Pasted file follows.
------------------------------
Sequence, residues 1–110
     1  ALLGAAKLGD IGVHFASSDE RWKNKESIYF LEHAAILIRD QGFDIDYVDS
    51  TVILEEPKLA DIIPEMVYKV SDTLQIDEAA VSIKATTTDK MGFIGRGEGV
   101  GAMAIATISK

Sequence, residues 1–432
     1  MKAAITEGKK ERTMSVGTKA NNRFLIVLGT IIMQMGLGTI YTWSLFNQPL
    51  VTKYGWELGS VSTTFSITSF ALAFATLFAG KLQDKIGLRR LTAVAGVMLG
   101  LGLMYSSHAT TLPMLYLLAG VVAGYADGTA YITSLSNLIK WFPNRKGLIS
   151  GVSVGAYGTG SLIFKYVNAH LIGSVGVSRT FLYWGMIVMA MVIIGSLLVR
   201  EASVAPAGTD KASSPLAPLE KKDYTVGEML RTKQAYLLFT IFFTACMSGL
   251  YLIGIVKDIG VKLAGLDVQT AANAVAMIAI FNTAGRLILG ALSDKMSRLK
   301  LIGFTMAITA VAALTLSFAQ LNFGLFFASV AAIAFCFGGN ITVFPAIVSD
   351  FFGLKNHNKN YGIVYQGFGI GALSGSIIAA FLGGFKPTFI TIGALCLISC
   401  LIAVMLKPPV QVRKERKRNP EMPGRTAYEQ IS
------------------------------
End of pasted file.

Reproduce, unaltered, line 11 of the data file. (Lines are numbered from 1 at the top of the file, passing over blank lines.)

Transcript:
   251  YLIGIVKDIG VKLAGLDVQT AANAVAMIAI FNTAGRLILG ALSDKMSRLK